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Grace Church

    Location:  Corner of Pennsylvania and St. Joseph streets.

    This parish was organized in January, 1854.  The membership of Christ Church, having become very large, and it being believed that there was a field for a new enterprise, Messrs. Deloss Root, J. O. D. Lilly, and Nelson Kingman, with their families, withdrew, and organized the present parish of Grace Church.

    The present house of worship of the parish was built without delay, and dedicated in the summer of 1854.  Shortly afterward, the Rev. M. V. Averill, was called to the rectorship of the parish, who remained about two and a-half years.  Mr. Averill was an energetic, as well as able rector; and the prosperity of the parish during his rectorship, is attested by the fact that in that period, the number of communicants increased from ten to sixy.  Mr. Averill was succeeded by the Rev. Dr. C. B. Davidson, who remained with the parish about three years; at the end of which time the number of communicants was about seventy-five.  Dr. Davidson retired on the 10th of October, 1870.  For several months the parish was without a rector.  On the 1st of January, 1871, the Rev. James Runcie was called to the rectorship; who entered upon his duties on the 1st of March, 1871.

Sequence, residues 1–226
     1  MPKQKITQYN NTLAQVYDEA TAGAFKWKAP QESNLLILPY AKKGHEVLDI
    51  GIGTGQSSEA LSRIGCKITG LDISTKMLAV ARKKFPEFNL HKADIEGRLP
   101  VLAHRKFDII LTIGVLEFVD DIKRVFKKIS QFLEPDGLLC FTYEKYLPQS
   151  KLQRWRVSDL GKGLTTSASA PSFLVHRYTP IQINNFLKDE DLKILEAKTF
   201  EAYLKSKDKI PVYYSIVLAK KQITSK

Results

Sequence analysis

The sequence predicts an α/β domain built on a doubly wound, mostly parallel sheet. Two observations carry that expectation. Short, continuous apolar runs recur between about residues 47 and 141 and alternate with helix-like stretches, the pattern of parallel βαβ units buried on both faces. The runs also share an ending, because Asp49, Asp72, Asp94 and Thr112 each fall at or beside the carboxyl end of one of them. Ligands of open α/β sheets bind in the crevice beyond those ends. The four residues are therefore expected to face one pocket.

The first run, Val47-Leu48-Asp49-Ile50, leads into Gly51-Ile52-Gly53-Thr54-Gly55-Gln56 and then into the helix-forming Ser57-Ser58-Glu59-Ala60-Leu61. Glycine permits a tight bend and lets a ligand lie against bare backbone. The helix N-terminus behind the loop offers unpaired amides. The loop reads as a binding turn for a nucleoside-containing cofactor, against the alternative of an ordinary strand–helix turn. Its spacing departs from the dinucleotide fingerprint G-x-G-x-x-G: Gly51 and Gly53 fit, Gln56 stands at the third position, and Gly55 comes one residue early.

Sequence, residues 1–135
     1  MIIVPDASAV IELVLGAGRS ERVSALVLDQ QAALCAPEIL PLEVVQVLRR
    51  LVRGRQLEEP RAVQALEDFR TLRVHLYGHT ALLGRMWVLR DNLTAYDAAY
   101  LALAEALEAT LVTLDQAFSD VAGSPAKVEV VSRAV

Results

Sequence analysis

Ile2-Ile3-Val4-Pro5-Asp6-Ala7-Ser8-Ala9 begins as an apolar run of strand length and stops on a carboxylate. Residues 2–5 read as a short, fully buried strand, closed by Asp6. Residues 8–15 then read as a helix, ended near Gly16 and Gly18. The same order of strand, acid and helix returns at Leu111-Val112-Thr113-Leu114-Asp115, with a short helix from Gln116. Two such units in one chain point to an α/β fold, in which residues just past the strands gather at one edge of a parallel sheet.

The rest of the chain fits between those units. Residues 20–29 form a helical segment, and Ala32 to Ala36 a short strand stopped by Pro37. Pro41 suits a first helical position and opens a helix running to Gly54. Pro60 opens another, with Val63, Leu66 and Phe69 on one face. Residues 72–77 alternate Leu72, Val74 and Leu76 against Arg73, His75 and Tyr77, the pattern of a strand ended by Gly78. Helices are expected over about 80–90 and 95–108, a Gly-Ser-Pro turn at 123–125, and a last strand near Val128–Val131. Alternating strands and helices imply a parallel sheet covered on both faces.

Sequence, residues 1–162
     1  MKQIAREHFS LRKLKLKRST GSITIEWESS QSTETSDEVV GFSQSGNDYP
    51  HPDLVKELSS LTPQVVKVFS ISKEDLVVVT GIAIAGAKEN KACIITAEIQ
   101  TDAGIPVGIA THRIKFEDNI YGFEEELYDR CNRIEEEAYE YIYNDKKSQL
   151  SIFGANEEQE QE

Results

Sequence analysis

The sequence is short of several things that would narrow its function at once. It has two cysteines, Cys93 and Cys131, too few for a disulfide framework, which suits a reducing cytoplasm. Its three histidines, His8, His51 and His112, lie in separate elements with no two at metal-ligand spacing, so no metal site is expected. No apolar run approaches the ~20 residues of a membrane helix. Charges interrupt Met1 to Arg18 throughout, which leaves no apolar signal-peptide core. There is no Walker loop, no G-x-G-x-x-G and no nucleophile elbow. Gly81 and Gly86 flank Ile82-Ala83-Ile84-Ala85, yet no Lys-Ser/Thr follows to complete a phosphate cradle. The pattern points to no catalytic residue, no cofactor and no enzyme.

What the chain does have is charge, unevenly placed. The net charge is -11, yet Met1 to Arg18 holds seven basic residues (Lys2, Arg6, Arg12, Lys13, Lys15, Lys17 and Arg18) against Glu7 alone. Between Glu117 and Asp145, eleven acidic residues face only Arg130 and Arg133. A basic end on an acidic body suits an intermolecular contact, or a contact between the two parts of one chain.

The present membership of the church is about seventy-five.

    The Sabbath-School, of which George W. Geiger, Esq., is Superintendent, has one hundred and ten members.

    The church edifice is a frame building, of the modified Gothic style, and is particularly neat and tasteful in its ensemble, finish, and appointments.  It is doubtful if at a like expense, a better effect in respect of a house of worship, could be produced.  The aspects of the interior are inviting and suggestive of comfort.  The windows are of stained glass; the ceiling, of the open-roofed construction.  The chancel, in the ornamentation of its triple windows, and its appointments, is artistic; the symbols typifying, with fine effect, the idea expressed in the name, Grace Church.  The church has a fine organ.

    The value of the building and site, is about $11,000.

Holloway, W. R., Indianapolis, a Historical and Statistical Sketch of the Railroad City, a Chronicle of Its Social, Municipal, Commercial and Manufacturing Progress, with Full Statistical Tables, © 1870, pp. 205.